NEW ORLEANS — Harvey native, and Scripps National Bee Champion Zaila Avant-garde has been named SportsKid of the Year 2021 by Sports Illustrated Kids.
The article states that when she was just three, Zaila's father, Jawara Spacetime, changed her name to Avant-garde meaning innovative or cutting edge.
Now at the age of 14, she has exceeded her name with her many talents and awards both athletically and academically.
Zaila claimed the title of National Spelling Bee Champion on July 8 after correctly spelling the word "Murraya".
She started playing basketball at the age of 5 committing to the sport by doing drills for hours a day and practicing ballhandling by dribbling three basketballs at one time. As time went on she added more to the three, according to the article.
She also juggles sometimes while riding a unicycle.
One of the world records she holds is the Guinness World Record for most bounce juggles with both three and four balls in a minute, most bounces with four balls in 30 seconds and tied the record for most balls dribbled at the same time with six, according to SIKIDS.com
The homeschooled ninth grader is also a beast on the court.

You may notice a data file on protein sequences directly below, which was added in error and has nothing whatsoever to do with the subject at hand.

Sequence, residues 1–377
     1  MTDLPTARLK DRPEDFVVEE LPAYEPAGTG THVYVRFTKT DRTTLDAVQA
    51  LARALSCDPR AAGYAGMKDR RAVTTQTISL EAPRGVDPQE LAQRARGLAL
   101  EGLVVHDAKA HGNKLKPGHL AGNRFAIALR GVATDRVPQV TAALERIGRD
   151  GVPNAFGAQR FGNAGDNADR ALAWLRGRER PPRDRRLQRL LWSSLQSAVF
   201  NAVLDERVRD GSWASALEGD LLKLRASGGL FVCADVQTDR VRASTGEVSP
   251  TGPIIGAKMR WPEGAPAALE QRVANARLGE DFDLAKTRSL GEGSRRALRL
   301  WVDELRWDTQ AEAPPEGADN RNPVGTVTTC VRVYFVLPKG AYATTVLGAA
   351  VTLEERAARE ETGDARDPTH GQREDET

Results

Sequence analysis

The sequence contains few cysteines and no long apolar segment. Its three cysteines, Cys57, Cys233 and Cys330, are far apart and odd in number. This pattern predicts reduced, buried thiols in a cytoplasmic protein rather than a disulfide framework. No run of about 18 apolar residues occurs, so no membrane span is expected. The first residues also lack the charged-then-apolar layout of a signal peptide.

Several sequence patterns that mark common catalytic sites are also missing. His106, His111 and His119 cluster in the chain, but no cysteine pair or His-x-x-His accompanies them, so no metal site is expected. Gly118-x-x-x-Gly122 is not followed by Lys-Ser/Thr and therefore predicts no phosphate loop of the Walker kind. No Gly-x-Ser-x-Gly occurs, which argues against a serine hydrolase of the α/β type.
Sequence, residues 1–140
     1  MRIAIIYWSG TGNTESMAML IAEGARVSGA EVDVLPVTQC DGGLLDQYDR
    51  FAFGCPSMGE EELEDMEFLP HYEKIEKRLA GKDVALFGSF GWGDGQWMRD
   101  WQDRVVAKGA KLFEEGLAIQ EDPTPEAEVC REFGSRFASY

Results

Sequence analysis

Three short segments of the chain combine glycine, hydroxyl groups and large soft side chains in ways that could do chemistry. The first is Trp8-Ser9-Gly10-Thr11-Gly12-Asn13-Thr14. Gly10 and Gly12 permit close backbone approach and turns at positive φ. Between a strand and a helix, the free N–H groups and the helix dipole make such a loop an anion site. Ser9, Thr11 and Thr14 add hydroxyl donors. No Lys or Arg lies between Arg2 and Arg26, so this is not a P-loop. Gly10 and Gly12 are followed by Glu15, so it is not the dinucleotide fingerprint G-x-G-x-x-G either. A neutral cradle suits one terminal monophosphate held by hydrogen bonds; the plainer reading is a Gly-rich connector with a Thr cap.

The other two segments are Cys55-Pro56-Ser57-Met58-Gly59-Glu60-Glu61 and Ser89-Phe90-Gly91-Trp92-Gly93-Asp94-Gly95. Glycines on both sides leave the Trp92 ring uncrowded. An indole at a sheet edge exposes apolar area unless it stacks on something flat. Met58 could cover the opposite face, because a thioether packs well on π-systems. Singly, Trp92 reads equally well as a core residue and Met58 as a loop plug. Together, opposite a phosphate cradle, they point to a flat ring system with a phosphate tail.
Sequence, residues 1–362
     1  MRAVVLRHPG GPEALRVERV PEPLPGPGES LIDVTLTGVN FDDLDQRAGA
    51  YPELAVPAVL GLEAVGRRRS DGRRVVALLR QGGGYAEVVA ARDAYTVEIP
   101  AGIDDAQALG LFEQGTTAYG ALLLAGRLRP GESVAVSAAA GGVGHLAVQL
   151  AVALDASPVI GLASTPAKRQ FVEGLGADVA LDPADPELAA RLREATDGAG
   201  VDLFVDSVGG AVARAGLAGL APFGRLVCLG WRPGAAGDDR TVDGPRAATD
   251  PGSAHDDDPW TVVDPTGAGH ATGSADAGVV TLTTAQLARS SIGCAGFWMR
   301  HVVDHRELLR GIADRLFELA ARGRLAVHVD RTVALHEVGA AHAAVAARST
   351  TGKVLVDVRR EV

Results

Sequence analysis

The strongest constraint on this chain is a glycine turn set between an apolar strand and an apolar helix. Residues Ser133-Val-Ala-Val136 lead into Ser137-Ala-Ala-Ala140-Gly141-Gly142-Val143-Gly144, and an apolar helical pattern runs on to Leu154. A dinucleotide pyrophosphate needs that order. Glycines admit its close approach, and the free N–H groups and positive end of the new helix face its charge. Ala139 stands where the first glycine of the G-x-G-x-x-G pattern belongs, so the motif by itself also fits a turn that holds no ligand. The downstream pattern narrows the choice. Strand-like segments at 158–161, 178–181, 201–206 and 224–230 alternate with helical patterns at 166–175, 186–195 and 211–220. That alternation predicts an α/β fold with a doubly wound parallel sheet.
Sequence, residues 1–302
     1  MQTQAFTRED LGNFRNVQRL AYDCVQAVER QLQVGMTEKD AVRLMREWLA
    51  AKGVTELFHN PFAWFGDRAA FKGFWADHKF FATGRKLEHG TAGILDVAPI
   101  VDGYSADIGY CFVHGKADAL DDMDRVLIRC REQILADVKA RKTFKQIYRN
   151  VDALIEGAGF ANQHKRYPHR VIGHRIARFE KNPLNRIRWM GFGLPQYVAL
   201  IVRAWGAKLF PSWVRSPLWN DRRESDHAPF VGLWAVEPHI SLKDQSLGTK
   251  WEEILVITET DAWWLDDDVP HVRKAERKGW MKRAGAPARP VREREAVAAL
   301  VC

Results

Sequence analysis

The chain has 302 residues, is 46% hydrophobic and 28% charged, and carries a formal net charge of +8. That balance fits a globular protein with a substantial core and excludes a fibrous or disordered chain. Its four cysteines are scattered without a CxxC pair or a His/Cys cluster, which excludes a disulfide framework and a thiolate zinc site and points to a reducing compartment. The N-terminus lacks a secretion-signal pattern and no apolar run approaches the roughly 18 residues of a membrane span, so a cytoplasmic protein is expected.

“I love to pass and give assists because I love to get my other teammates involved and just make them happy and make their days go better,” she says, before adding: “And, uh, I also like to score. Don’t mess with me because if you make me angry, I am definitely scoring on you the next time down.”
In the spelling world, Zaila says she sees the quizzing and preparation as a celebration of words.
“Words are fun,” she says. “There are stories behind these words that make them super fun. It takes a lot of work [to be successful], but it’s really fun work.”
She has been competing since 2019 but has been learning words longer than that. As she would read a book and question about words in the story. She said as she would look them up, one word's meaning would lead to another word and another meaning.
That studying paid off as she became the first African-American contestant to win since 1998.
“It’s kind of bittersweet for me,” Zaila says. “I’m super happy to be the first African-American girl to win. But also it’s like, this should not be happening. I should not be the only one doing it.”
Click here to read more about her accomplishments, journey and goals.